Saturday, July 21, 2012

Batman in the wake of tragedy

Though the movie the Aurora, Colorado, shooter chose for his rampage was clearly deliberate, this unthinkable incident is not about Batman, or even movies in general.

The priorities are honoring the dead and figuring out what we can do to better protect the living. Like the rest of the conscious world, I express the deepest of sympathy to those suffering.

Still, as the author of a new book about Batman, I can’t begin to post in the wake of Aurora without acknowledging the tragedy. I don’t claim to have anything profound to add to the chorus of eloquently worded offers of condolences, shoulders, blood, and other forms of support. I simply want to say I am so, so, so sorry for your loss.

The day we woke up to the heartbreaking (and enraging) news, I had three items on my agenda, and all were Batman-related: morning phone interview about Bill the Boy Wonder: The Secret Co-Creator of Batman with the New Haven Register, the newspaper of my hometown metropolitan area; afternoon book signing/meet and greet at a Virginia Barnes & Noble; evening screening of The Dark Knight Rises. (I didn’t have advanced tickets; arriving only 30 minutes before start time, I suspected it would be sold out. It was not.)

At first I wondered if I should go through with any of my 7/20/12 agenda, especially the second two items; if my book was not about Batman, I don’t think this would have been as strong an internal debate.

But I am not the type for symbolic grandstanding. If you are not directly affected by such an incident, I do not feel going on with life is disrespectful, nor do I feel a one- or two-day moratorium on Batman “work” will send a message of consequence to anyone, including myself. I believe in doing what I can, privately, to help the victims and meanwhile, carrying on.

To be clear, I am also not one who says “I will go ahead with my Batman commitments because if I don’t, the terrorists win.” That brand of statement is too glib, too self-important, for me. I believe in going ahead with my commitments because they are just that, commitments. I can take other specific action to do my small part to try to prevent terrorism.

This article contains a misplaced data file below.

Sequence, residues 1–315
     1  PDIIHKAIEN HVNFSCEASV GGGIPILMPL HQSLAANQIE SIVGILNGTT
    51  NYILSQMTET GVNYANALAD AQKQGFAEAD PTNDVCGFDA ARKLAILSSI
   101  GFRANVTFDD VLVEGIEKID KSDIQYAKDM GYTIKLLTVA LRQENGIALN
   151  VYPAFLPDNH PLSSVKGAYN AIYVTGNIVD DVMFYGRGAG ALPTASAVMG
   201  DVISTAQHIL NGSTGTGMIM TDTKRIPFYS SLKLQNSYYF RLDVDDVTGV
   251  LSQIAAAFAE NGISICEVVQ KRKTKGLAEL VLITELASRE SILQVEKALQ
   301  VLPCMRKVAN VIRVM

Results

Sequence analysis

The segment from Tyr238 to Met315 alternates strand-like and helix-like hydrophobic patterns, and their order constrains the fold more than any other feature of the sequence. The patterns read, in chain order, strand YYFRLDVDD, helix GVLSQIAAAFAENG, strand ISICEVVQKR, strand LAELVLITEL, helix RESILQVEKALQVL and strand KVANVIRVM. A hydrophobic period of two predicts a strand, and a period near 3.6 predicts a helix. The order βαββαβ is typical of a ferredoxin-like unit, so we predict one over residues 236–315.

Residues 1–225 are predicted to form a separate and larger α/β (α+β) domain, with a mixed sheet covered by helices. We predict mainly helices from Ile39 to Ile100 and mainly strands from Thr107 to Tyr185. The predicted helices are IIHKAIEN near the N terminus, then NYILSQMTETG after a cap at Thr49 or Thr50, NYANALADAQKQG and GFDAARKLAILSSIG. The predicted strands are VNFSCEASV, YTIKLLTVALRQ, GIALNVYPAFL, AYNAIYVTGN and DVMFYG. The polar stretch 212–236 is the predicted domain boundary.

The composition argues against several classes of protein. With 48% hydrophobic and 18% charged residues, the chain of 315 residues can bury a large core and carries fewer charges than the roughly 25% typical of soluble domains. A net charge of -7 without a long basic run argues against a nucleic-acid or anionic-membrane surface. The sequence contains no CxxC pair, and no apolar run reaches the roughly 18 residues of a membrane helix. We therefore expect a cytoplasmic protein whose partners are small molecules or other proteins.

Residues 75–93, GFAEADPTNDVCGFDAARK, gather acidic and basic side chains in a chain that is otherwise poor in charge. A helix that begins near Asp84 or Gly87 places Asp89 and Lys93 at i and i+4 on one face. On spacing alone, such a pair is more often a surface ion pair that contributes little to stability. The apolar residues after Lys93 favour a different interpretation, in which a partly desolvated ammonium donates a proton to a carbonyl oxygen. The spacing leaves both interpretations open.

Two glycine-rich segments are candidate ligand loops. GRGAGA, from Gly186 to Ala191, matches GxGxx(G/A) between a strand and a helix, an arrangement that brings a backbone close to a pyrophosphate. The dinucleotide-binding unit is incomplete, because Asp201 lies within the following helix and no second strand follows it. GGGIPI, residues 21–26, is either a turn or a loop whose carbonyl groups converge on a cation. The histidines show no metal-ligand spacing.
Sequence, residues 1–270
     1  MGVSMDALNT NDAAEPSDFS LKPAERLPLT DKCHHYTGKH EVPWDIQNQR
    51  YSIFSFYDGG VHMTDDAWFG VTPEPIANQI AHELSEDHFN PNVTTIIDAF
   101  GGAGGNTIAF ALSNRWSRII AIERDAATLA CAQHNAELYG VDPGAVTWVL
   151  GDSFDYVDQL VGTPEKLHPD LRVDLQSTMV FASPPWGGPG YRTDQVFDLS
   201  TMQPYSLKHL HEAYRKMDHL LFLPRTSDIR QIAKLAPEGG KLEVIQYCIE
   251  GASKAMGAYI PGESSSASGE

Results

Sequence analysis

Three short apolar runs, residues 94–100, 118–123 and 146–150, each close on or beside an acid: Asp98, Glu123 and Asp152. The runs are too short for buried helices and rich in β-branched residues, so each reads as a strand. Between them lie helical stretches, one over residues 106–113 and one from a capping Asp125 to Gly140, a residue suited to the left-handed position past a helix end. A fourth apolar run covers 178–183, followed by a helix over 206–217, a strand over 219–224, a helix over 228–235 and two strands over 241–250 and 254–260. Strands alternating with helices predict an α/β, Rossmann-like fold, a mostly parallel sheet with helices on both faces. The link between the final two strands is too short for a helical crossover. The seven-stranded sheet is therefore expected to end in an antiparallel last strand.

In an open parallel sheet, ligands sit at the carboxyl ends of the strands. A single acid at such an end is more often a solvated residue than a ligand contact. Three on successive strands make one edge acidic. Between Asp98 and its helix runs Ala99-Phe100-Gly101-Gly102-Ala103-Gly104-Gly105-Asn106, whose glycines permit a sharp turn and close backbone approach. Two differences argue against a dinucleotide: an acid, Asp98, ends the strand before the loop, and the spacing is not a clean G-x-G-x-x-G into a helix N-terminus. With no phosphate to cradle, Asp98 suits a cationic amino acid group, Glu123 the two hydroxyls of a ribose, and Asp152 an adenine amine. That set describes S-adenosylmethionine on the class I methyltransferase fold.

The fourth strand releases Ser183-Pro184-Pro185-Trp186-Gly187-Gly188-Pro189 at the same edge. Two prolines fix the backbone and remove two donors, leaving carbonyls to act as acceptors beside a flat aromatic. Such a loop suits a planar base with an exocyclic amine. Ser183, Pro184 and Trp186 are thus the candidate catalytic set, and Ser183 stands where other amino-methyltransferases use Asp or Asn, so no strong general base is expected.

Here are glimpses of my low-key afternoon:

The table as it was set up.

The table as I rearranged it. I don’t like giving out candy and I don’t like Butterfingers
in particular, but I’m sure you get why I made exceptions. Oddly, one man took a candy bar
(but not a book) and dropped some coins into the candy fishbowl as a (his word) “donation.”

Thank you to Scott Grove, Jill Etesse, Andrea Kramer, Steven Solomon, and Matt Blum—and, of course, all those I didn’t already know—for stopping by.

Just as Batman rises in the film, so shall the people senselessly scarred in the Aurora tragedy. Like Batman, their struggle will not be easy, and certainly not quick, but I am confident they have the strength. For what it is worth, a nation of Batmanians are behind them.

I have to wrap up. I have a Batman book signing at Hooray for Books in a little bit.

1 comment:

SmartyShortz said...

Thanks Marc
The 2- 10 year olds loved the book! The 5 year old wants me to read it to her now-